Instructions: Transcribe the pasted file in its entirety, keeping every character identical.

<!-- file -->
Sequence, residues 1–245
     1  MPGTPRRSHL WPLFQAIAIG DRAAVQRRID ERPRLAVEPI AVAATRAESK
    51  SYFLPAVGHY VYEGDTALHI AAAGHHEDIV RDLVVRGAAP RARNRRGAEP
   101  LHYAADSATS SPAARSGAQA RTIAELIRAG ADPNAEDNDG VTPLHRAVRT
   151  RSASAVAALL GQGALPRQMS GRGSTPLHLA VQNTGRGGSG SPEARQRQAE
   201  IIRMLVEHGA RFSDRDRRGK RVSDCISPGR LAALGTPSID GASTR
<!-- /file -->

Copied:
Sequence, residues 1–245
     1  MPGTPRRSHL WPLFQAIAIG DRAAVQRRID ERPRLAVEPI AVAATRAESK
    51  SYFLPAVGHY VYEGDTALHI AAAGHHEDIV RDLVVRGAAP RARNRRGAEP
   101  LHYAADSATS SPAARSGAQA RTIAELIRAG ADPNAEDNDG VTPLHRAVRT
   151  RSASAVAALL GQGALPRQMS GRGSTPLHLA VQNTGRGGSG SPEARQRQAE
   201  IIRMLVEHGA RFSDRDRRGK RVSDCISPGR LAALGTPSID GASTR